By Jessica Campisi and Artemis Moshtaghian, CNN
Motel 6 has reached a tentative agreement in a lawsuit that claims it discriminated against some of its Latino guests and violated their privacy, a civil rights group says.
The suit says two Phoenix locations of the hotel chain gave details of at least seven guests’ whereabouts and handed other personal information over to federal immigration agents before the guests got arrested.
The claim was filed by a Latino civil rights group, the Mexican American Legal Defense and Educational Fund.
The suit also alleges Motel 6 has a practice of giving guests’ check-in information to US Immigration and Customs Enforcement without a warrant or a reasonable suspicion that criminal activity is going on. Turning over their information to ICE is a violation of their privacy, the suit says.
Motel 6 has agreed to settle the suit, but it’s subject to a federal judge’s approval.
MALDEF officials say they’ve reached a settlement, but they’re not releasing details yet. CNN has reached out to Motel 6 officials for comment but did not immediately receive a response.
What the plaintiffs say happened
Court documents describe one account of what allegedly took place at a Phoenix Motel 6.
Last June, a woman and her four kids checked in at the Black Canyon Motel 6 to get out of the heat because their apartment didn’t have air conditioning, the lawsuit says.
When she registered, she showed a hotel employee her Mexican consular ID. The worker photocopied it.
Early the next morning, three ICE agents banged on the woman’s hotel room door. They called themselves police, the document says.
When the woman opened the door, the agents interrogated her in front of her kids. They asked her to confirm her identity and threatened to separate her from her children, so she cooperated.
Before they left, the agents gave the woman a letter telling her to go to an ICE office. When she got there, she was fingerprinted and interrogated again by an ICE agent.
The woman asked the agent if a Motel 6 employee had given them her information. The agent laughed and said her name just happened to pop up in the system. After that, the suit says, they arrested her without a warrant.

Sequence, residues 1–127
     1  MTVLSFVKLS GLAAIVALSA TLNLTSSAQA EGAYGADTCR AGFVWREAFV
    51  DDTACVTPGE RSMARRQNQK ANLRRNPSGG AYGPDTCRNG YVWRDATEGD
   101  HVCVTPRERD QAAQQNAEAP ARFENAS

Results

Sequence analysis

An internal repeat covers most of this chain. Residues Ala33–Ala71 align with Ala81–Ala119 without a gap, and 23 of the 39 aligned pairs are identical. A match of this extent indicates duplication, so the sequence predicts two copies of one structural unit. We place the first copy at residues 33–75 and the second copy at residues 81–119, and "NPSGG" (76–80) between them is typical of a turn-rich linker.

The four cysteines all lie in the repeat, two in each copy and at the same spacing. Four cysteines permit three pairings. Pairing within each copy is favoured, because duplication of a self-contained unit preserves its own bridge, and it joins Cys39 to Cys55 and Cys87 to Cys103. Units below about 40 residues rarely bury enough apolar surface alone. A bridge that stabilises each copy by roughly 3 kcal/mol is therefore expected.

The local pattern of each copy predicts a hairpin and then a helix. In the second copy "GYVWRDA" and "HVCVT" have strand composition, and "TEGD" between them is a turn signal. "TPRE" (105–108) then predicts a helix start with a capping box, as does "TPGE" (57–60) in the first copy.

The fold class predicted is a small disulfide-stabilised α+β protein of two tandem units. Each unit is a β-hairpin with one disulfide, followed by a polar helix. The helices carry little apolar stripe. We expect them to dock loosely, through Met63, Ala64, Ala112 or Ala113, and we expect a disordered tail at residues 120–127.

The court documents list several similar stories that claim the motel violated the rights of its Latino customers. Of eight Latino guests who stayed at the Phoenix-area motels, they say seven were arrested. At least one of the individuals arrested was subsequently deported, the suit says.
“At all relevant times, Motel 6 directed and supervised its employees’ conduct pursuant to its policy and/or practice of disclosing guest registration information to DHS and ICE agents,” the suit says.
Since the suit was filed, Motel 6 has said it will stop sharing its guest lists with ICE.
The company said in a statement last September it was reviewing practices to “help ensure that our broader engagement with law enforcement is done in a manner that is respectful of our guests’ rights.”
“Protecting the privacy and security of our guests are core values of our company,” the statement said.
“We will always endeavor to make that disclosure in accordance with applicable law,” it says.
The Arizona allegations aren’t the only ones of this kind against the motel chain, which has more than 1,400 locations across the US and Canada.
The state of Washington sued Motel 6 in January, claiming ICE officials were going to Motel 6 locations in the state and asking for guest lists without a warrant.
ICE officials would get information like guests’ names, birth dates, license plate numbers and driver’s license numbers. They’d use the list to try and find undocumented immigrants, the suit alleges.
More than 9,150 guests who stayed at the chain within Washington had their privacy rights violated, the suit says.
Motel 6 said last fall that all its locations were sent a directive in September “making it clear that they are prohibited from voluntarily providing daily guests lists to (ICE). Motel 6 takes this matter very seriously, and we have and will continue to fully cooperate with the Office of the State Attorney General.”